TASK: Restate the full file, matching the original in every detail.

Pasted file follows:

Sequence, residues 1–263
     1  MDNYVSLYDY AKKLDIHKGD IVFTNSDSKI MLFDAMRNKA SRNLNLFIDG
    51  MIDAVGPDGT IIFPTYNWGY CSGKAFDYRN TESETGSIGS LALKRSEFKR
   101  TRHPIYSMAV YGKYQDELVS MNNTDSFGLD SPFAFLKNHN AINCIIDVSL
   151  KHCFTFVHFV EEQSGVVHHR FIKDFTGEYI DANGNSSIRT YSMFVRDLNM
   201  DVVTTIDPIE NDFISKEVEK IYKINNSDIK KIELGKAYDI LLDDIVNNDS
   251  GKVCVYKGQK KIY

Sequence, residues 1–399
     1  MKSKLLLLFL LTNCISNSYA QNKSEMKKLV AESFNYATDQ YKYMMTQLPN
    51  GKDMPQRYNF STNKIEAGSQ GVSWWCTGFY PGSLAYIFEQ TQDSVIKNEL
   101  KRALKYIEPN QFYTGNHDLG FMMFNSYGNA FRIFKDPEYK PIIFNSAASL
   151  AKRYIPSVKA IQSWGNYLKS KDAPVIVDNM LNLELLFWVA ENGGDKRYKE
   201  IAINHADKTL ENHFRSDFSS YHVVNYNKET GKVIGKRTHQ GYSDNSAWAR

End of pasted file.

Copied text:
Sequence, residues 1–263
     1  MDNYVSLYDY AKKLDIHKGD IVFTNSDSKI MLFDAMRNKA SRNLNLFIDG
    51  MIDAVGPDGT IIFPTYNWGY CSGKAFDYRN TESETGSIGS LALKRSEFKR
   101  TRHPIYSMAV YGKYQDELVS MNNTDSFGLD SPFAFLKNHN AINCIIDVSL
   151  KHCFTFVHFV EEQSGVVHHR FIKDFTGEYI DANGNSSIRT YSMFVRDLNM
   201  DVVTTIDPIE NDFISKEVEK IYKINNSDIK KIELGKAYDI LLDDIVNNDS
   251  GKVCVYKGQK KIY

Sequence, residues 1–399
     1  MKSKLLLLFL LTNCISNSYA QNKSEMKKLV AESFNYATDQ YKYMMTQLPN
    51  GKDMPQRYNF STNKIEAGSQ GVSWWCTGFY PGSLAYIFEQ TQDSVIKNEL
   101  KRALKYIEPN QFYTGNHDLG FMMFNSYGNA FRIFKDPEYK PIIFNSAASL
   151  AKRYIPSVKA IQSWGNYLKS KDAPVIVDNM LNLELLFWVA ENGGDKRYKE
   201  IAINHADKTL ENHFRSDFSS YHVVNYNKET GKVIGKRTHQ GYSDNSAWAR